See You in 6G, 3 A1s

Following the first group project which was to produce the 2 A0s setting the scene for our dystopian landscape, we then had to collectively produce three A1 images describing our world in a little bit more detail. We all had our own theme to focus on and mine was social media. We decided to continue to focus on our separate themes for this project and then tie everyone’s work in together as a whole.

We wished to depict our one world in three different ways. The space above where the aliens were, the ground on which the human/robots roamed and were being controlled by the aliens, and the down below the earth which showed the untouched and knowledgeable humans who knew the truth about everything!!!

First we decided on a colour scheme so that it would be easier for everyone’s images to tie in together

Screen Shot 2017-02-27 at 13.16.40

My images came from the idea of false alien propaganda, this aspect of it was to brainwash the people on earth, some had been turned to robots and some hadn’t and thought everything was normal.

As well as producing the alien propaganda, I also made posters that the people underground were using as well. This aspect of it was the humans who escaped and who were trying to reveal the truth.

The following images show a few examples of Sun and Jessie’s drawings that we would eventually piece together to create our 3 A1s.

Origami Dystopia

In studio we were put into groups of around ten people, people in our year who we maybe weren’t used to working with. It was a team building exercise using origami, which I don’t think anyone had much experience in so it was cool to work with new people doing something no one had really done before. I feel like our year group as a whole has benefited so much from the last couple of group projects as everyone is getting used to talking to each other and working with each other.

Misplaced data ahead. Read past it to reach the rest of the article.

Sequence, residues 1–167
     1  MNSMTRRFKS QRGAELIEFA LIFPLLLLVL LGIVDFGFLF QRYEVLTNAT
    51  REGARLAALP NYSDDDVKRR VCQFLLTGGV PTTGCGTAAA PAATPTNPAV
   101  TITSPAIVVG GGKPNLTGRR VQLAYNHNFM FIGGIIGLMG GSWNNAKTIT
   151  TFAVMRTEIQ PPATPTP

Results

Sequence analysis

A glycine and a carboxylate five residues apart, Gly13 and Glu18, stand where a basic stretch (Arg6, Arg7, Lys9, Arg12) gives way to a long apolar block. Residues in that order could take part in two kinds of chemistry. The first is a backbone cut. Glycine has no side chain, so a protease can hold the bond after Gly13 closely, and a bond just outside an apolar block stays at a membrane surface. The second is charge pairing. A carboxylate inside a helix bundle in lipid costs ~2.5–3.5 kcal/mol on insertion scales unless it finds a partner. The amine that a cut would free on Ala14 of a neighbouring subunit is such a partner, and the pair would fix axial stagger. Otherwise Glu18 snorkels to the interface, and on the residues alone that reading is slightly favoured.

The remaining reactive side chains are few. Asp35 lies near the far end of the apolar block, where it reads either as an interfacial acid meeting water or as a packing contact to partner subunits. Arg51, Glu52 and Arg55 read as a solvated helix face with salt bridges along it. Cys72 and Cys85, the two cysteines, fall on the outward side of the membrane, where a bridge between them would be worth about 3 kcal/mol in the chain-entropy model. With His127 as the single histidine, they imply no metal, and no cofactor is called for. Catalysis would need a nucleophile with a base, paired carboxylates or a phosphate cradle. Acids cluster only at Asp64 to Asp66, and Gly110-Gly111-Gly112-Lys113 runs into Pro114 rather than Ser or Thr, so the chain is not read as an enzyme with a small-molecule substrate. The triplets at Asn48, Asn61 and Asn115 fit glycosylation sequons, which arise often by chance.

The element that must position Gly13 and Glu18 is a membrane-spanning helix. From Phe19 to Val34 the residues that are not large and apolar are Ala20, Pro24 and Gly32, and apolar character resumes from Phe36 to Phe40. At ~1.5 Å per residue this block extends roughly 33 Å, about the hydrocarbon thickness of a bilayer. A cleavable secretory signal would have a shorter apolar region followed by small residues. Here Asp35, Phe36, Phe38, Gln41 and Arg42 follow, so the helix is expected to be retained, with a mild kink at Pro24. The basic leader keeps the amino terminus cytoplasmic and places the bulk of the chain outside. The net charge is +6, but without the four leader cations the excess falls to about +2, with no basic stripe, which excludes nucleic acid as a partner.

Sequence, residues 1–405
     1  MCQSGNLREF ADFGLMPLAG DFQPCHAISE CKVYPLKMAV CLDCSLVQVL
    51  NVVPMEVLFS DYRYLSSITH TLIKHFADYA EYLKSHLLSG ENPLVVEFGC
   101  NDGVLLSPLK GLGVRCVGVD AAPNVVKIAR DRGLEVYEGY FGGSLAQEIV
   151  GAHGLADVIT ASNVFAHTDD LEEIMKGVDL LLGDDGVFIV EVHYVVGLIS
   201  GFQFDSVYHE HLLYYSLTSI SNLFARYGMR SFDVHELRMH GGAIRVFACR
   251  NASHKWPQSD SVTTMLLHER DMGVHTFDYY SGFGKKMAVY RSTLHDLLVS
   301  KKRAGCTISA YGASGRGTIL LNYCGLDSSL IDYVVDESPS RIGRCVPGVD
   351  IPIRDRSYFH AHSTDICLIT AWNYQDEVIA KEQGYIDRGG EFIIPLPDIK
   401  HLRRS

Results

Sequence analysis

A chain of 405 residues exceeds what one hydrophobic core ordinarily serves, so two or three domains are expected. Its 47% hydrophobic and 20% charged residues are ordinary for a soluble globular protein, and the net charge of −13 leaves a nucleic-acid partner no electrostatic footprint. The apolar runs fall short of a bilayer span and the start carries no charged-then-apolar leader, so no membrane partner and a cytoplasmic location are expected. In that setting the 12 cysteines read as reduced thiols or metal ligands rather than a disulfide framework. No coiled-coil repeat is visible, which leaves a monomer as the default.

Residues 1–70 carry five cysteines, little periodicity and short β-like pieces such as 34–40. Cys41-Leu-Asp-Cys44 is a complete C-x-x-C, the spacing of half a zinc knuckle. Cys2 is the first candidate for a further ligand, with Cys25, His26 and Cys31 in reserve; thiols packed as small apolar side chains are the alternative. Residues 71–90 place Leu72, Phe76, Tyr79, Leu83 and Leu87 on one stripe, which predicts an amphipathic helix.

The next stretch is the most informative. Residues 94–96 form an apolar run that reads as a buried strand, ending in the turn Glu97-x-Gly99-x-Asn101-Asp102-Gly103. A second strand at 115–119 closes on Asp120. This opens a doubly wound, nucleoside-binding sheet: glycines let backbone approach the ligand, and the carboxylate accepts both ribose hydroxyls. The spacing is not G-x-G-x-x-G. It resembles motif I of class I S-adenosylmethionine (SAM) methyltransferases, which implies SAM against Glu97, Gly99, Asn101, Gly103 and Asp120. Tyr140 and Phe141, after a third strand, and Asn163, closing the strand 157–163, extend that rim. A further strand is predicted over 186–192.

We decided to create a dystopian city landscape which was extremely built up so that it could have a real impact on people, the images below was the landscape my group produced

These were other people’s group work which I thought was really cool :  ~)

See You in 6G, 5 A3s

As I had the theme of social media, reflecting our storyline I attempted to show the technology involved with the aliens and robots, strange symbols, mobile phones devices with weird signals and computer screens. The anime-like drawings I’ve done are inspired by movies I watched reflecting the dystopian theme such a Ghost in the Shell and Akira.

See You in 6G, A0s

We were given our new project in which we had to work in groups for the first two pieces of the project. The first step was to create our own dystopian landscape with some sort of a storyline running alongside it.


Working with some initial ideas we went with the idea of robots and aliens. The aliens were collecting/harvesting humans on earth for their own experimentation and turning them into robots. We worked with some images and ended up with our 2 A0s, I think generally we aimed to produce most of our work via Photoshop/Illustrator, kind of as a middle ground for people’s work as we knew working in a group for the first time it was going to be hard to merge 5 different people’s styles together.

After this lesson we were given a new task for Monday !


CTS, Rear View Mirror

Everyone always desires that which we can’t have, particularly when it comes to wanting to live in the past, “I should have been born in the 80s!!!” The main focus of this lesson was nostalgia, retrospect, and pastiche. Within fashion, the media, music, art and film, everyone likes to obsess over the past a little bit. Nothing can ever be totally new because it has come from something that already exists. Retro and revival. ‘Retro offers and interpretation of history that taps into nostalgia and an undercurrent of ironic understanding.’ (Guffrey 2006, P.27)

Going back to the Arts and Crafts Movement, which began around 1880, when the industry became mass produced, William Morris began to question the workmanship that was actually going into furniture and decor at that time. The movement was about embracing the time and effort it took to make a beautiful hand crafted item that was strong and would last years, Morris was being nostalgic within his work. The movement was so influential it affected not just textile designers, but also architects, painters designers, and sculptors.